England's transition will be put to the test tonight.
All week we have heard about the strides the tourists have made under coach Stuart Lancaster - his All Blacks counterpart, Steve Hansen, says the Red Roses are the most-improved international team over the past 18 months.
Still, most-improved is one of those accolades that suggests you have come a long way but have not yet made the grade. It is certainly not in the most-consistent or team-of-the-year bracket.
Thankfully, Lancaster's regime has moved to eradicate the off-field antics, to embrace a more attacking mindset, to bring some egos down a peg or two and to mould a squad who now genuinely believe they can compete with the world's best. South Africa are the only team England have not beaten in the past two years. The visitors are also the sole side to defeat the All Blacks in their previous 35 tests. That alone deserves respect.
But they are a heavily depleted team - due to disastrous scheduling - and weakened further by the loss of 47-test halfback Danny Care to a shoulder injury.
Having been so severely compromised, in this first test at least, there is little doubt they are rank outsiders. Passion may help Lancaster's men hold their own for 40 minutes but can they remain resolute for the full 80?
"The people who don't give us a chance don't understand the journey we've been on so far," England assistant coach Andy Farrell said, defiantly.
"For the last two years we've been getting better fairly rapidly. We've been in a lot of big games, taken on a lot of challenges and have come out pretty well."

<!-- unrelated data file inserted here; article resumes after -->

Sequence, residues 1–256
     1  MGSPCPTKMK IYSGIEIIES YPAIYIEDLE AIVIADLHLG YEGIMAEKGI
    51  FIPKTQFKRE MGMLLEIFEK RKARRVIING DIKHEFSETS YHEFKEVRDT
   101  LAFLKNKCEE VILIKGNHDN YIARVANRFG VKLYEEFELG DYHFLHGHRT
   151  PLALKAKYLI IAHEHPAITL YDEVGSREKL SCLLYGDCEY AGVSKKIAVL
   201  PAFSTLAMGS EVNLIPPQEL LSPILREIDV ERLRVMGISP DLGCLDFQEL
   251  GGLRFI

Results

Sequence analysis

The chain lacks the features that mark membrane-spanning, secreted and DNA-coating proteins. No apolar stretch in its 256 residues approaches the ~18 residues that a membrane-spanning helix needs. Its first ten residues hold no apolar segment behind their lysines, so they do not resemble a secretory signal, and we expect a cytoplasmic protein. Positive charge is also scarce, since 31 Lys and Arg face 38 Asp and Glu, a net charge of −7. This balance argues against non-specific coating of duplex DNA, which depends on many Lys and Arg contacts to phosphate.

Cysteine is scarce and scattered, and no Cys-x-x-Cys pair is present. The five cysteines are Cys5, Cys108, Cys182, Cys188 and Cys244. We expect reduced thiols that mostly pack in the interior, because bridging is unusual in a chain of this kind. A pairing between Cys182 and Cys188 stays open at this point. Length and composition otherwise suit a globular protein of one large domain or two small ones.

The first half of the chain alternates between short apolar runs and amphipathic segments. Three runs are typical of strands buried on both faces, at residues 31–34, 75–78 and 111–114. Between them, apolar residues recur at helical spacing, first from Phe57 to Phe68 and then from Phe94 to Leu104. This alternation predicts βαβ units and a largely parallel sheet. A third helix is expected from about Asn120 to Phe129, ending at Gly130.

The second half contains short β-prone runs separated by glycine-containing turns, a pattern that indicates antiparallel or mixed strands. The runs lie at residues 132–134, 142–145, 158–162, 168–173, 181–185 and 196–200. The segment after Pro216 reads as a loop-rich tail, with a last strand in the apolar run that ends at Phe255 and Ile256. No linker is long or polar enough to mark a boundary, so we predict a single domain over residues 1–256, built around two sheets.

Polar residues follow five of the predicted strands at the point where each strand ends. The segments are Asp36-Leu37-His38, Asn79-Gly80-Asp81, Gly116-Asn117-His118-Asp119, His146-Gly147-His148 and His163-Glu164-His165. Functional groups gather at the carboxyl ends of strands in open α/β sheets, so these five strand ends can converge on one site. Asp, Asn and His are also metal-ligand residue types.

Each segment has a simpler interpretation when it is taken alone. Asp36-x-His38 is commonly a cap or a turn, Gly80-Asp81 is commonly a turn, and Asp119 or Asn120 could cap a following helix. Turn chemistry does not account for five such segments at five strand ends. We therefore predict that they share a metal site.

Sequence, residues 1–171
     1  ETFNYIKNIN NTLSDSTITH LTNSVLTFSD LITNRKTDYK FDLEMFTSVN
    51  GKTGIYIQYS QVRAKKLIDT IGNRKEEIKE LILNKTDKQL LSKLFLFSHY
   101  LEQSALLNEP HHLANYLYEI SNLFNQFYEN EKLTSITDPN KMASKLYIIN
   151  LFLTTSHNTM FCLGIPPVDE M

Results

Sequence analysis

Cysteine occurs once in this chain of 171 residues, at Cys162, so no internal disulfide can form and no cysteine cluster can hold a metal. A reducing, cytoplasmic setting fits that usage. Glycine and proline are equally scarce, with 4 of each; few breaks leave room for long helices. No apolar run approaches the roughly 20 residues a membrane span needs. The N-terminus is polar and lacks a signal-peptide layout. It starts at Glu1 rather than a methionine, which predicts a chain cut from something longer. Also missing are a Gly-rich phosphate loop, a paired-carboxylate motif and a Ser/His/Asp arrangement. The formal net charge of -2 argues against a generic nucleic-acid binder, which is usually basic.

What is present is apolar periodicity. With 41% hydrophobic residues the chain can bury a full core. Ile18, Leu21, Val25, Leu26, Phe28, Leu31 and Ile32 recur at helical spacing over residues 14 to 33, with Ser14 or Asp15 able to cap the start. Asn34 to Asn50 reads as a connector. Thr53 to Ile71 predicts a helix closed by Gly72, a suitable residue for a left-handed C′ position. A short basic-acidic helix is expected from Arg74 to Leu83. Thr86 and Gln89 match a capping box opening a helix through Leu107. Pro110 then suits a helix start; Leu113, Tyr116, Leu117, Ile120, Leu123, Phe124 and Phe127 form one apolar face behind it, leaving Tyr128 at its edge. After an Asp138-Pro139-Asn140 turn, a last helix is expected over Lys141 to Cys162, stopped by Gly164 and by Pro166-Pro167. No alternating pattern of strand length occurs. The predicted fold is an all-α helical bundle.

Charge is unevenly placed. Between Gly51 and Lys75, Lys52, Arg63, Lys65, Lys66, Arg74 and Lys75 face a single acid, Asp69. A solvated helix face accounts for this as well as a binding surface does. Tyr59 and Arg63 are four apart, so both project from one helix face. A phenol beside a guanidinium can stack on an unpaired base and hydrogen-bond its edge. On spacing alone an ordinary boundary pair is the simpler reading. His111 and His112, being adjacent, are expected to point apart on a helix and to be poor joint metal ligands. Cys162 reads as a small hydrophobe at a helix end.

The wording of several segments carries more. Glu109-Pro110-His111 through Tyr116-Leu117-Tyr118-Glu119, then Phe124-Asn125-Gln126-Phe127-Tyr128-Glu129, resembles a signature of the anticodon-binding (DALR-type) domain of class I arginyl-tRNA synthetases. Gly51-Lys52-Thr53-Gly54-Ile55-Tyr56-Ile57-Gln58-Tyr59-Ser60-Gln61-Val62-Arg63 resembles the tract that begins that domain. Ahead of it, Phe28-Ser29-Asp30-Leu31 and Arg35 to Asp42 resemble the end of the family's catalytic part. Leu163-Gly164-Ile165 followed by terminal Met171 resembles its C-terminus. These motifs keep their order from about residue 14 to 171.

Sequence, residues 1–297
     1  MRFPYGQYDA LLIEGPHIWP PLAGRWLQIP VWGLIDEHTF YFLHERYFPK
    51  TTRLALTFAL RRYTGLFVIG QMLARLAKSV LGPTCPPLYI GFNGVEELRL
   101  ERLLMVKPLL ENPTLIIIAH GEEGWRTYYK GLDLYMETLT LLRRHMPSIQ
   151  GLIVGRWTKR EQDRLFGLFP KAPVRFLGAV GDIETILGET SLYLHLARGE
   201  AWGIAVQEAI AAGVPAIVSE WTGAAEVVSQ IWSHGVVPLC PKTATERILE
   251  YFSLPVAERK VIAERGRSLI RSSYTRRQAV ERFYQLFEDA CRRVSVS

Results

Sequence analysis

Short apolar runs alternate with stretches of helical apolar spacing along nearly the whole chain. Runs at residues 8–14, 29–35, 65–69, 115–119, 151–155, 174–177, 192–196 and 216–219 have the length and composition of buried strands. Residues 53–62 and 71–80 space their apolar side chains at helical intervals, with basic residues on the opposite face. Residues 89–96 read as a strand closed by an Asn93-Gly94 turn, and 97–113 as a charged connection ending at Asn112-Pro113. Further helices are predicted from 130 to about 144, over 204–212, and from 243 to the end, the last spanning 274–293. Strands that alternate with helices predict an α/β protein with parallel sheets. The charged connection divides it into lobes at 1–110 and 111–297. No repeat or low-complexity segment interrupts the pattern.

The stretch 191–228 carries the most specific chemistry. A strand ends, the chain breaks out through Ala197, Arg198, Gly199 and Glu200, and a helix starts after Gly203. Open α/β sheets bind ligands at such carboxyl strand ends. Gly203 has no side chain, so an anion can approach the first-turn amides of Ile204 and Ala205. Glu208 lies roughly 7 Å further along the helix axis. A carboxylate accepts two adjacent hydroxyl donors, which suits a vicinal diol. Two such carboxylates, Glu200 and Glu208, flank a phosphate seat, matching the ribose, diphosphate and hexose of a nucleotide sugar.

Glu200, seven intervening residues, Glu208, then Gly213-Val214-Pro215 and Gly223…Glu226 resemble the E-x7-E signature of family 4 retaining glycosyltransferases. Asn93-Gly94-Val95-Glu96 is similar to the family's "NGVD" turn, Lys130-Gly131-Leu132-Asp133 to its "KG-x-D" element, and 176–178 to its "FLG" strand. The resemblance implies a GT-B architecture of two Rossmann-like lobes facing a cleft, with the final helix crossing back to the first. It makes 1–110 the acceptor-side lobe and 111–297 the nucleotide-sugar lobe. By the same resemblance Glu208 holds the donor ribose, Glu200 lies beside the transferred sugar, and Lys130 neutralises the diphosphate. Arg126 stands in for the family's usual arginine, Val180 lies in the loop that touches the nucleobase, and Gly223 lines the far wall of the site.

With 480 fewer caps than their counterparts, the English will need every ounce of belief when the black wave hits them at fortress Eden Park, where no All Blacks team have lost for more than 20 years.
"The belief doesn't just come from the win against New Zealand [in 2012], it comes from a continuous improvement along the way," Farrell said.
"Not just that game either, the second game they beat us in was a great contest. We've held no fear.
"We don't seem frightened of going to these places and giving it a good crack.
"We respect and appreciate what Eden Park means to New Zealand rugby and we're aware of the record there but it's about playing in the moment.
"We know we've only won twice here and only beaten the All Blacks seven times. We're aware of the history but we're more aware of our own history of late."
Farrell bristled when questioned whether the visitors would cope with the speed Hansen's men have adopted since claiming the World Cup on home soil.
"We want to play with pace, you don't need to worry about that," he said.
Rather than mirror a similar up-tempo style, though, England would do well to focus more on their forward pack's efforts.
In the last two battles royale at Twickenham, aggression in this department laid the platform to rattle the All Blacks.
Slow the ruck ball, accumulate points and pressure Aaron Smith's delivery; that is the blueprint. The longer the visitors are in this test, the more their belief will grow and, ultimately, the more dangerous they will become.
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